I'm not one to incessantly collect links to other blogs (although I guess that is the whole point of web interconnectivity), but this, from Dublin Opinion via Spare Room, is just too good to let pass.
Yes Steve Irwin's departure is a sad thing, and yes this may be a little tasteless, but come on, we of a certain age and upbringing based around Friday afternoon TV2 Thunderbirds and Stingray (before the Dukes of Hazard/BJ and the Bear/Automan at 7pm) WERE ALL THINKING IT!
06 September 2006
Eventually the cynicism of the informed (or at least not-uninformed) audience must overcome push of the advertisers, marketers, lables and network executives. We're already seeing a new wave of bedroom performers making their own albums, having lost faith in their own pop idols and thinking "yeah I could do that".
I predict the waves of celebrity spewing out of the music and tv industries will dwindle. In their place will be a new celebrity, one which doesn't get their fame in the bottom of a cereal packet.
The new celebrity will come from sports and science. They will work hard and think hard. They will earn more than a gold record, or a tour of shopping malls to push their latest single, and they will contribute more than next year's elevator music.
04 September 2006
I've never been a huge fan of SUVs, despite hiring a baby one on occasion to go snowboarding, and doing a 4wd driving thing in a Range Rover once. Something about the smoke a lot of them put out, the aggression that a lot of the drivers exhibit, and the safety abominations caused by a centre of gravity 4 feet off the ground.
But last weekend we had one of our very own for a wee while, due to visiting in-laws bringing the 'work car' - a GMC Yukon. To say it was big is like saying Lord of the rings is a film about a short guy who goes for a walk.
- It was exactly twice the height of our regular car.
- It had more leg room than my lounge.
- It had a 5.8 litre V8.
- It was bigger than every other SUV we encountered.
- It had over 12" of body roll (by my totally unscientific calculations)
- It had mirror glass in the back
31 August 2006
Actually that's not true. I did know a guy once with a hole in his heart. We had to go and visit him in hospital when I was in primary school. His name was Phillip.
There is also a hole in the gas main, and now, because holes seem to love company, there are two large holes in the bottom of The Terrace where people are looking for the hole in the gas main. If you look closely in the above photo of said holes, you can see the obligatory guy standing around with his hands in his pockets. I wonder what level of job satisfaction that role delivers.
29 August 2006
Except maybe when we ride our bike to work, with new shoes and cleats for our clipless pedals, that make it really quite tricky to unclip our feet when we get to a traffic light, which may make us fall over in front of a small crowd waiting to cross the road.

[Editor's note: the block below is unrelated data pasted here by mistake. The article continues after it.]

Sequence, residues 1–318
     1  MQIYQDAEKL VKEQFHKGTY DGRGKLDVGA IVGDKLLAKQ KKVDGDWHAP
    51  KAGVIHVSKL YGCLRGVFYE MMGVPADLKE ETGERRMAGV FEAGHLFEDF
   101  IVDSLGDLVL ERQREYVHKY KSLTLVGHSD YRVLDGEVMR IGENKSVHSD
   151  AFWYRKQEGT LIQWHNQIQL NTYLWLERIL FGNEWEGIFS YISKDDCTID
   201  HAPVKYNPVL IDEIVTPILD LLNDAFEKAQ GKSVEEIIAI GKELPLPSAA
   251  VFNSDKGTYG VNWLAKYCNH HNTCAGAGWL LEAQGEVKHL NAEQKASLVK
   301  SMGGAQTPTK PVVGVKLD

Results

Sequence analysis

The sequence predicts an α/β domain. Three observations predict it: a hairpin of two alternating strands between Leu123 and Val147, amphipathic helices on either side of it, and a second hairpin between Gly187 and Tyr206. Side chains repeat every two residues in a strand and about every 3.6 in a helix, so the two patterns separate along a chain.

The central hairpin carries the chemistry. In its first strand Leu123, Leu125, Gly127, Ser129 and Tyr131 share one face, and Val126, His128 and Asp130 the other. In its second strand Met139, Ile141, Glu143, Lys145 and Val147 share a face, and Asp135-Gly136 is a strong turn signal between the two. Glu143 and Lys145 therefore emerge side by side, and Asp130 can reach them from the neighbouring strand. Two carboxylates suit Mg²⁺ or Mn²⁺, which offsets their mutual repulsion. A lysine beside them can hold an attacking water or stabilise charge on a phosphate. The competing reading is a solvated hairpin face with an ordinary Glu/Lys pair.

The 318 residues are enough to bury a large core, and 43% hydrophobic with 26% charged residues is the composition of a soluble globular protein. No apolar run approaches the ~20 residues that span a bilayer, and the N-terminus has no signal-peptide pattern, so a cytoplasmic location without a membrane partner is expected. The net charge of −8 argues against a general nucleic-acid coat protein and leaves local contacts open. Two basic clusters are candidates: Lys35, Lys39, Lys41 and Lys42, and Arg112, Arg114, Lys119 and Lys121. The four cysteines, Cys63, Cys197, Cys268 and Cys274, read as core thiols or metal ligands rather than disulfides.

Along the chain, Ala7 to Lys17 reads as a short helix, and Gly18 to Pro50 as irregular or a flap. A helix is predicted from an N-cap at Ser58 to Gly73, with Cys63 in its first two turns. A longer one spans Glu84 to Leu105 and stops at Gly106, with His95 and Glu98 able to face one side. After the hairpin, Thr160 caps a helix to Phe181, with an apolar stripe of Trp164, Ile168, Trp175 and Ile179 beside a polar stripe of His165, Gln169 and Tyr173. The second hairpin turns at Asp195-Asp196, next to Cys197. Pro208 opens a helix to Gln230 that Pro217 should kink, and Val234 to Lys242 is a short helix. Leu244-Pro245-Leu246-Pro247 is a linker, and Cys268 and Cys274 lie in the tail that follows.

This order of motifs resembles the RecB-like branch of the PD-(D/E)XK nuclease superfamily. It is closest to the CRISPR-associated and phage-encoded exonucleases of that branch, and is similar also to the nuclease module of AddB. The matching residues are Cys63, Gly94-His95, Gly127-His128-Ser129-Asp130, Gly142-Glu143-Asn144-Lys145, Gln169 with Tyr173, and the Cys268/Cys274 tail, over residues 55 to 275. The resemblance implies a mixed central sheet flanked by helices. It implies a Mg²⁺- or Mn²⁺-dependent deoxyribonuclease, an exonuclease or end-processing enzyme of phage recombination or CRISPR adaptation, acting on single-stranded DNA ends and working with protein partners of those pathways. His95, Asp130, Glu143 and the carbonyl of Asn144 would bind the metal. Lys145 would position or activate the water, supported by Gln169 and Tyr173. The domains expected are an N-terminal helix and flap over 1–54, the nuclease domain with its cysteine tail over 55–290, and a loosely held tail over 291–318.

Tinks 0. New shoes 1.
28 August 2006
While we've got our very own Misery and Mephisto Jones making some pretty clever statements and developing recognisable styles, they seem to have been repdily elevated to the gallery (maybe not so much the gallery as the canvas on a cafe or clothes shop wall). We seem to be lacking the buy-in from the wider community that it is a valid art form. Witness Melbourne's city-wide embrace of stencil and managed grafitti. Or Banksy's sustained efforts in delivering high-brow messages through a lo-brow medium. But then we have a whole seedy undebelly of society who view it only as a self-branding exercise, making no point other than they were there.
Maybe the stage is perfectly set for a considered showcase of street art, to position it apart form the mundane tagging that councils are poised to come down hard on.
23 August 2006
In breaking news, apparently I have an alter-ego. Named Nick. I don't know too much about Nick yet, but was introduced by someone to two fellow bloggers (one Rose and one David Cauchi) last night as Nick. I'll keep you posted as I find out more - he sounds quite intriguing. I suspect he's a lot like me, only taller.
15 August 2006
Watch this space. Maybe.
14 August 2006
I'd like to say this is the After shot of my apartment. But renovations haven't started yet. But they will. Oh yes they will.
But sadly no, it's actually the Sydney pad of a good friend. Lucky bastard (said with love, of course). Who said minimalism can't be cosy?
I like to think of it as a a form of considered tech-minimalism.
11 August 2006
I was conscripted onto my first committee last night. That's me in the plaid shirt. It seems the thing to do when one reaches 'an age', and it's a chance to donate a bit of time and a few ideas to a cause I'm moderately passionate about. Watch this space (and a big chunk of land just past Karori...)
10 August 2006
So last night was my first red carpet experience - the opening of the new Sky City cinemas in Lower Hutt. I won't review too much - it was a great night, full of real dignitaries (who all drive Mercedes it would seem) and famous people that everybody talked to, and interestingly, a couple of famous people that nobody talked to. And the cinemas are stunning - I encourage you both to go there.
A highlight for many was the WALL OF FOOD! A giant clear perspex triangle wall with little slots in it that had spoons of food poking out. You simply plucked a spoon off, ate the contents, and deposited the empty spoon in a silver bucket. I should have taken a camera. It was pretty special.
And having to walk a long red carpet through a closed mall was eerily cool - like tiptoing past a sleeping giant - only in this case it wasn't a giant that wanted to eat you, it was a giant that wanted to eat all your money, and leave you with armloads of brightly coloured shopping bags filled with brightly coloured mall clothes. Everything was so shiny and bright.